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Textile Fabric made from Milk

Ajibola Ameerah


As much as possible, we should aim at waste reduction, reuse, and recycling before throwing out the waste. If waste must go to the bin, please know that the waste may well be the source of wealth for someone.

The idea behind all waste to wealth efforts is that most waste materials are not end products to be disposed of. But rather that waste materials are valuable resources that can be processed and converted into usable materials like textile, paper, fertilizer, fuel, containers, fashion accessories, building materials, food nutrient and bio oxidants to mention a few.

There are lots of benefits to be derived from waste and a lot of options for deriving wealth from waste are being explored and exploited across the world. One success story is a German start- up that uses milk that would have gone to waste to manufacture textile fibres using sustainable processes.

The company Qmilch GmbH, founded by German designer Anke Domaske, has developed an innovative process to produce a textile fiber from milk which cannot be used for consumption.

Casein is the main resource for the textile fibre and it is obtained from raw milk, that is no longer tradable and which cannot be used as food. In Germany where the textile fibre was developed, about 1.9 million tons of milk must be disposed of every year. This milk still contains valuable ingredients and offers great potential for technical purposes. The textile fiber is made from 100% renewable resources and so it is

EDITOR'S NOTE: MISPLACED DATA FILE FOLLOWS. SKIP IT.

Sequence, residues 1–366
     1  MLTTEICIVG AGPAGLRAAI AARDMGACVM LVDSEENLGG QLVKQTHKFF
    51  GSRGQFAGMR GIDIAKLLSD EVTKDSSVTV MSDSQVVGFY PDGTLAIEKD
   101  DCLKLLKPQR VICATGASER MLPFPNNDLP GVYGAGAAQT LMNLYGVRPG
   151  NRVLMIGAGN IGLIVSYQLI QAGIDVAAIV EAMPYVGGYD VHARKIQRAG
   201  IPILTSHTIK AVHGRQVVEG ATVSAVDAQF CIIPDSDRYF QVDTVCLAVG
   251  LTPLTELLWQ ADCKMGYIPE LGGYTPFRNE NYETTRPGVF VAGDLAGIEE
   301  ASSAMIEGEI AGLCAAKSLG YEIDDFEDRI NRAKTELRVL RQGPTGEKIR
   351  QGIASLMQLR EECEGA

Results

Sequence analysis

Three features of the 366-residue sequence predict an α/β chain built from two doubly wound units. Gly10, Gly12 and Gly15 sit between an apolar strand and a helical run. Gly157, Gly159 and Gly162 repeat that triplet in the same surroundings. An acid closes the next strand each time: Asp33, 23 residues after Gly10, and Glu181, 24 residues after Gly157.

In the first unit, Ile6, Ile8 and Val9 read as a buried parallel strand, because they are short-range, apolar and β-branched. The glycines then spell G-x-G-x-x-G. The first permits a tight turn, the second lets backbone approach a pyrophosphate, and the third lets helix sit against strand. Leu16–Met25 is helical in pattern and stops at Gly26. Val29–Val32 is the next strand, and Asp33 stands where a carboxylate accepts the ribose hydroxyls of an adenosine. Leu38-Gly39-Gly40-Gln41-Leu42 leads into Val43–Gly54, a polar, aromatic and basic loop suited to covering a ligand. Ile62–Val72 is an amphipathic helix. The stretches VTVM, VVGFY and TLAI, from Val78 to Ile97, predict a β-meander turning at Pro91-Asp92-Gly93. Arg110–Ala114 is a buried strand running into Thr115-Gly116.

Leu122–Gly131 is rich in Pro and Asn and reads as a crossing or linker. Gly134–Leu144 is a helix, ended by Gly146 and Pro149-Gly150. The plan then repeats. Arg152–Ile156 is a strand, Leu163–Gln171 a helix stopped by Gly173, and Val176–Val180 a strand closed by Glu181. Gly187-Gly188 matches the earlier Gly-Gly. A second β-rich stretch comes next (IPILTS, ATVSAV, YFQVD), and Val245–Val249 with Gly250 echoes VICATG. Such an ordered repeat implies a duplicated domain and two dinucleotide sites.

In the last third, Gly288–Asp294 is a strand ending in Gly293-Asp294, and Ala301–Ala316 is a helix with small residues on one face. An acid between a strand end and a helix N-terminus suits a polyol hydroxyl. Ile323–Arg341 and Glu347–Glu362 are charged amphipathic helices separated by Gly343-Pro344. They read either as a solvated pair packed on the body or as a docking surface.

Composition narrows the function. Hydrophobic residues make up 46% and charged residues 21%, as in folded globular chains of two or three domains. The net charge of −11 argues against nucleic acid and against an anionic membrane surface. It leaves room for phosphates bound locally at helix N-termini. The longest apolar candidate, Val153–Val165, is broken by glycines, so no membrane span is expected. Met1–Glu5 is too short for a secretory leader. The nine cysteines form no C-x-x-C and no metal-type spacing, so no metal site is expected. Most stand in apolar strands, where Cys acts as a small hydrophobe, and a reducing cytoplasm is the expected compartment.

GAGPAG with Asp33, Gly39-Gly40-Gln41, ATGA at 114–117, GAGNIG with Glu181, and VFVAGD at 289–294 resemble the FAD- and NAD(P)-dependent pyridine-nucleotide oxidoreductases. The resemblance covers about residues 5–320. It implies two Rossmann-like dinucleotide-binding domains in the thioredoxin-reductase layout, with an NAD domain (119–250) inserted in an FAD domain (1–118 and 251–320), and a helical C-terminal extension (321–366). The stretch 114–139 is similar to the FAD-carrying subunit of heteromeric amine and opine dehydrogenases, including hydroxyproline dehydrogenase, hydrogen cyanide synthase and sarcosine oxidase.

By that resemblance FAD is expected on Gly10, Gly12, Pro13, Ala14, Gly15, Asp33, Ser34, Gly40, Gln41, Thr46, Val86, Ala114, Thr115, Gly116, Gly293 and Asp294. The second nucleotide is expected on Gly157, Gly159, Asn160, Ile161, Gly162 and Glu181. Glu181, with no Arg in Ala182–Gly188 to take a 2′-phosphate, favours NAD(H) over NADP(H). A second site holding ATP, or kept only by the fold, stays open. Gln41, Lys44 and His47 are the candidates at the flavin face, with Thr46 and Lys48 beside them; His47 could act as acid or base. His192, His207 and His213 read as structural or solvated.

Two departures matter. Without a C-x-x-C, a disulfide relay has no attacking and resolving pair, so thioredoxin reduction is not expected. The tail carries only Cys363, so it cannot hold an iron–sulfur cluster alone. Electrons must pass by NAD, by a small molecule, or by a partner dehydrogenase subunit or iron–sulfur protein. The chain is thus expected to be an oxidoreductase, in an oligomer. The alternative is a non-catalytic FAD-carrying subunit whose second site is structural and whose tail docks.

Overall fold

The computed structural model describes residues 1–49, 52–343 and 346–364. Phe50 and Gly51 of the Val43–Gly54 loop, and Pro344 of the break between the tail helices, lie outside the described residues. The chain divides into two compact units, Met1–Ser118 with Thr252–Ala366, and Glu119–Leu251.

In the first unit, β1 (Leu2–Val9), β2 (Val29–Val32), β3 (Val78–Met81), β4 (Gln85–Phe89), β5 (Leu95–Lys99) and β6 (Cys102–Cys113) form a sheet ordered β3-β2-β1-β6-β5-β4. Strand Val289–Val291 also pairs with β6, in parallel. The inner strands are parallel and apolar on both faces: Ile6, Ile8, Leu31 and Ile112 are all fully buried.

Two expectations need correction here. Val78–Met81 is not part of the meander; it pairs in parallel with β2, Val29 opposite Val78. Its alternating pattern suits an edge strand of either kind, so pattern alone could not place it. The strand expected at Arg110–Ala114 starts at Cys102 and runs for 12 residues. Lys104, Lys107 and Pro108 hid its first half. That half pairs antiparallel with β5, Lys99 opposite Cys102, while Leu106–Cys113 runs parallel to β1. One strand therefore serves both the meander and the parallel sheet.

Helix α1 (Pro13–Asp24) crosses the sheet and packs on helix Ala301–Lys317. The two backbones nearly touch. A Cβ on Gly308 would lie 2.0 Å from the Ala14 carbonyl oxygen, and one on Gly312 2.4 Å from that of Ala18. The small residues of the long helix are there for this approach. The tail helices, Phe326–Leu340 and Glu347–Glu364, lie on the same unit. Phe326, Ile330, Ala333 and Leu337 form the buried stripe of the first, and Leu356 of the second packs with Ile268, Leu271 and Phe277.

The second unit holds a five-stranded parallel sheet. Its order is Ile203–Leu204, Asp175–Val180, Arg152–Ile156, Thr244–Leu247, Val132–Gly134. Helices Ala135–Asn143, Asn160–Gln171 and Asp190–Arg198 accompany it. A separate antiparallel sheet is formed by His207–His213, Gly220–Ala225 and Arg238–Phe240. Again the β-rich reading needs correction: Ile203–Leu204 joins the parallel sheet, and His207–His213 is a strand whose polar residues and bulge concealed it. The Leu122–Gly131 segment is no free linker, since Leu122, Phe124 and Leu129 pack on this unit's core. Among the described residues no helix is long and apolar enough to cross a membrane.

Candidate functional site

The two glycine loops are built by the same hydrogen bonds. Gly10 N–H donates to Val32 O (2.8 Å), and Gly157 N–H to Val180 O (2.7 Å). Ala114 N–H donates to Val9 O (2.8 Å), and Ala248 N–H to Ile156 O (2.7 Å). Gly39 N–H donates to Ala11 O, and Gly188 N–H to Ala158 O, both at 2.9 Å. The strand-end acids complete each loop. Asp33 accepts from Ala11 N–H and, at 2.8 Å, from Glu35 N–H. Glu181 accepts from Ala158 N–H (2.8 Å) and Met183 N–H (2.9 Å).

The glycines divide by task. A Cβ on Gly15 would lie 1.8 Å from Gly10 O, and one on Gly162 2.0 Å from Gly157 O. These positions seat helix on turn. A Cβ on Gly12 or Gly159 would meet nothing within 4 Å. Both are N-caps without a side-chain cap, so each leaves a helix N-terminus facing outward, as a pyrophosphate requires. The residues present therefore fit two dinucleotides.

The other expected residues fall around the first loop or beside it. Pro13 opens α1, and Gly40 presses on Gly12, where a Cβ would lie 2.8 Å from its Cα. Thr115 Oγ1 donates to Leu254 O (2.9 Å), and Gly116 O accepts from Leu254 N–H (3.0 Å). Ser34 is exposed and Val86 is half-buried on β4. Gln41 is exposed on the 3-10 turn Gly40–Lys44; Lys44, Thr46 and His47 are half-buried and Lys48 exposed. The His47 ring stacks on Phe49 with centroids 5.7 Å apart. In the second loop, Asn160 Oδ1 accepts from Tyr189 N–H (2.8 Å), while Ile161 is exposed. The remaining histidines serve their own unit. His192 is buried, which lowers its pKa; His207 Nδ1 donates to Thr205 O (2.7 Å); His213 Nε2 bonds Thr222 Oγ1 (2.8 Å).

• It is biodegradable, leaves no traces and contains 0% chemical additives
  • It is naturally antibacterial and ideal for people that suffer from textile allergies
  • Organic fiber tested for harmful substances and dermatologically tested for skin and
  • Blends well with other fibers
  • Like silk, it’s also temperature regulating, light, absorbent, compostable and flame resistant. Fabrics made from the fiber provide high wearing comfort

If you are thinking of how to turn waste to wealth, the following guidelines may be useful:

  • What is the end product? Will it be useful?
  • What is the source of the waste material to be used for the product? Is it available in large quantities? Can it be available in large quantities? Is it sustainable?
  • What processes will be used for converting the waste?
  • What are the costs/ benefits of the initiative? Consider the environmental and economic costs and benefits? Which is more?
  • How do you aggregate the waste to be converted?
  • How do you get the new product to the market?
  • How will you fund the venture?
  • What partnerships will you require? State involvement? Private ventures?
  • How do you convince stakeholders? Think about your waste suppliers, the consumers of the new product, authorities etc.

You can also join the ‘Wecyclers Independent Contractor Program!


So, the next time you are about to throw away that thing; food, paper bottle, anything! Please stop, put on your thinking hat and think; what might this be useful for?
And always remember- It’s Reduce, Reuse, Wecycle!

Culled from:[10].pdf

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